It’s never been easier or cheaper to communicate, which seems wonderful at first glance. Productivity should come easier than ever, right? In many ways, it does. But ironically, cheap and easy communication also means the signal-to-noise ratio is worse than ever. With email, we have to filter out the productive datapoints from the static of spam, lengthy threads, endless CC strings, single replies of “thank you,” and noisy “Me To” people.
On the one hand, we don’t need email adding more to the information blast we face daily. On the other, we do need email to receive new tasks, deliver our work, stay informed on developments in our field, maintain contact with coworkers, network with colleagues, serve our customers, prospect for new clients, and stay updated with our teams. In the near future, unless technology changes dramatically, email is here to stay.
So how do we use email productively? By reducing the inflow, so you can minimize the noise. Here are a few ideas on how to do it:
- Unsubscribe. I am a tyrant about unsubscribing to unwanted lists. When I was the president of the National Speakers Association a couple years ago, suddenly hundreds of speakers subscribed me to their newsletters. I simply unsubscribed from each one I didn’t request. Hey, my productivity needs are more important than worrying about hurting someone’s feelings. Perhaps you subscribed to a newsletter at one point, but now you just delete it without reading it. It is fine to change your mind and click the unsubscribe link at the bottom of the message.
- Stop forwarding. So many people think they’re being helpful by forwarding something of interest to you. I’d say one in twenty times I’m really interested, so I’m really careful when I forward an email to others. “Will this really be impactful to him, change the course of his day, or is it something it’s likely he never would have seen?” Tough criterion. I definitely don’t want to be the cause of email overload for someone else.
- Instruct people not to “Reply All.” If you must email a group of people to get input, specifically tell them, “To cut down on email for everyone, please do NOT use the “Reply All” button. Hit Reply to me only with your response, and I will tally the answers and send one email out to the group.”
- Limit the back and forth scheduling emails. When I’m scheduling a meeting with multiple people outside my office, I love Doodle.com. Recipients receive a single email with a link to an online poll, where they go to “vote” on a good day/time for a conference call. After all attendees have voted, you can easily see the most popular slot and send the final result to the group.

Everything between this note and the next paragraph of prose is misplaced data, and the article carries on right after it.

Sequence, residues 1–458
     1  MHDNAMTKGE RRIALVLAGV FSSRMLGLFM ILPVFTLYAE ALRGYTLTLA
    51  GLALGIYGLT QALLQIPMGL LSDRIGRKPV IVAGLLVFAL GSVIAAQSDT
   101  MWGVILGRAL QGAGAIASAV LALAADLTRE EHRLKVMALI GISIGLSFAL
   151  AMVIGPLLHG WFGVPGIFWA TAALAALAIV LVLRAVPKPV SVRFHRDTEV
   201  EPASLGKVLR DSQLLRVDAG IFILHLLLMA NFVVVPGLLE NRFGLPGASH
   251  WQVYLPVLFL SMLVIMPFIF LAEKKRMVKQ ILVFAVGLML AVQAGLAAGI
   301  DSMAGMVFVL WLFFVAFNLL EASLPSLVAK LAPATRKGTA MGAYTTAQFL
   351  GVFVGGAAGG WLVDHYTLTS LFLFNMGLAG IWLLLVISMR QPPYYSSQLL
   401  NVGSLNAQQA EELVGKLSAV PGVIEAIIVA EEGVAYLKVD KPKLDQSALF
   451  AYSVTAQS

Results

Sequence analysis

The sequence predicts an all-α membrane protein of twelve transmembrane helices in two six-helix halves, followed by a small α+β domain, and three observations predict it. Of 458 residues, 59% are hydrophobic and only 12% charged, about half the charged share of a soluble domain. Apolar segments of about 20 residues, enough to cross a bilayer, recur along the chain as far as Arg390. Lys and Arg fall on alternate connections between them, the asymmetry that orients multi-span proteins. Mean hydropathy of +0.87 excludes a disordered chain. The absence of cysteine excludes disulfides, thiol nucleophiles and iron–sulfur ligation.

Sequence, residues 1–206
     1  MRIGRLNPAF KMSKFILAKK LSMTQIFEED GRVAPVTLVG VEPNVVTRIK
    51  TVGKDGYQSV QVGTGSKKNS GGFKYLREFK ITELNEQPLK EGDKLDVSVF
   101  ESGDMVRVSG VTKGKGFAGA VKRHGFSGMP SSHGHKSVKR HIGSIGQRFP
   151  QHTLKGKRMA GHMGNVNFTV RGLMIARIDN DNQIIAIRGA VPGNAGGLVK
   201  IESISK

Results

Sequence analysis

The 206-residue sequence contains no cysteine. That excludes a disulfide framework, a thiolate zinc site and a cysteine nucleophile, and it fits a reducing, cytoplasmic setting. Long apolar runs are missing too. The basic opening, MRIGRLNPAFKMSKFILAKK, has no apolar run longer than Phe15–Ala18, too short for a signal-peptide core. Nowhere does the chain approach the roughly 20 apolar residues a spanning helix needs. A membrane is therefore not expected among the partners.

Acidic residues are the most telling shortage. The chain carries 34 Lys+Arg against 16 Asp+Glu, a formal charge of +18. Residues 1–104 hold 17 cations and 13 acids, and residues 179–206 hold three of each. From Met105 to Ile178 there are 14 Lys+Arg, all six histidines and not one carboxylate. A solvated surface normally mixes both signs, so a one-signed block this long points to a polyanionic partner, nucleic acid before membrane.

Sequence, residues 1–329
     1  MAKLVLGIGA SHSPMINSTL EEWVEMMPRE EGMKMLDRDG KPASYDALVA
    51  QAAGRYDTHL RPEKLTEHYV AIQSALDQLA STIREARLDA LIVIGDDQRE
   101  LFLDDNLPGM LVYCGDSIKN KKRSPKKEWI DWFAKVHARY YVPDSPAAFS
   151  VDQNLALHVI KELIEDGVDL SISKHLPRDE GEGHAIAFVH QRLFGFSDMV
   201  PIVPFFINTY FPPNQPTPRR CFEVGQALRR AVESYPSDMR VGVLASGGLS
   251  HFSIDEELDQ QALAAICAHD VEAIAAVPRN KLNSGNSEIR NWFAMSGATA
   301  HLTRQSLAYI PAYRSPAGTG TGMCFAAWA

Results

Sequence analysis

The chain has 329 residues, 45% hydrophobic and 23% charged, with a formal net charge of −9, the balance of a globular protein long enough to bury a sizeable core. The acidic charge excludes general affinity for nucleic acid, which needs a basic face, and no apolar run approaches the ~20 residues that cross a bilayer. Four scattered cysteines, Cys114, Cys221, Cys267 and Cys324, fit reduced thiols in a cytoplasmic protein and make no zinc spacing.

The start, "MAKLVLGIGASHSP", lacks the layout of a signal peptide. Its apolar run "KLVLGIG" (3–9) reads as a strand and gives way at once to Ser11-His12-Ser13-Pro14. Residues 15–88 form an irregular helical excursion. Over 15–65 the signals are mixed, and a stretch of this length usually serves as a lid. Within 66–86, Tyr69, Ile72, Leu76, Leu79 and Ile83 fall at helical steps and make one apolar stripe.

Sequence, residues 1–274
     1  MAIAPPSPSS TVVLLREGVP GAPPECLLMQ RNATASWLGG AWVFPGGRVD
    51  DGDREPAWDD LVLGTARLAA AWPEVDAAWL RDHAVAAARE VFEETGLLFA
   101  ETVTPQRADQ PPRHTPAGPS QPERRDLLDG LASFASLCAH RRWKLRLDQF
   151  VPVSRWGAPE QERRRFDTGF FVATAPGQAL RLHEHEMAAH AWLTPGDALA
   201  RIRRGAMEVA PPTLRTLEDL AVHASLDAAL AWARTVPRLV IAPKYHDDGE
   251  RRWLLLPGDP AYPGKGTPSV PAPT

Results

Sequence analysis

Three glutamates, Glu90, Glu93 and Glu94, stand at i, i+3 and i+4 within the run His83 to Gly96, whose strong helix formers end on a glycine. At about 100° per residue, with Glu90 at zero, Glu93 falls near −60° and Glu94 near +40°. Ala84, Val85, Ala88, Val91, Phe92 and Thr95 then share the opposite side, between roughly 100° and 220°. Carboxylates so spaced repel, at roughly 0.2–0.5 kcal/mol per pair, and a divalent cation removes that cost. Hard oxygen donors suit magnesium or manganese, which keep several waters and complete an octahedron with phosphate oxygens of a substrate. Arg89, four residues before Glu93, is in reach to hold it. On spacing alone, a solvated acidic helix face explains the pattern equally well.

- Set up a Rule to Move email to a folder. You can create a rule to automatically move any email with “Facebook” or “LinkedIn” in the subject line to a folder. Or automatically move email from a certain person to the Deleted Items folder. Or move any CC messages out of the inbox. In MS Outlook, simply right-click on someone’s email, go down to Rules, and select “Create Rule.”
- Take a poll. In MS Outlook, start an email as usual and click the Options tab. Click Use Voting Buttons in the Tracking group. Select Custom. Type in your answers, each one separated by a semicolon. For example, if you want people to vote on a choice of restaurants for lunch, include choices such as Qdoba;Panera;Noodles;Mimis. You may include as many items as you’d like. Click Close. Send the email as usual. When recipients receive the email, they will click the Vote drop-down menu in the Respond group. Once someone responds, you can open the email in your Sent Items folder, and click the Tracking button to see the individual votes and cumulative tally.
- Ask people to stop sending you jokes and advertisements. Make a polite request, telling them the truth: you need to cut back on unproductive email. No need to be rude, though some people may be offended anyway. I recently asked an artist to remove me from her emails selling her artwork (I’m not into art and wouldn’t ever be buying hers). I was amused at how offended she was—to the point she asked to be removed from my newsletter list—which doesn’t hurt my feelings. Your self-esteem should never hinge upon whether someone’s on your list, and don’t take it personally if what you provide isn’t of value. There’s simply no time for the trivial.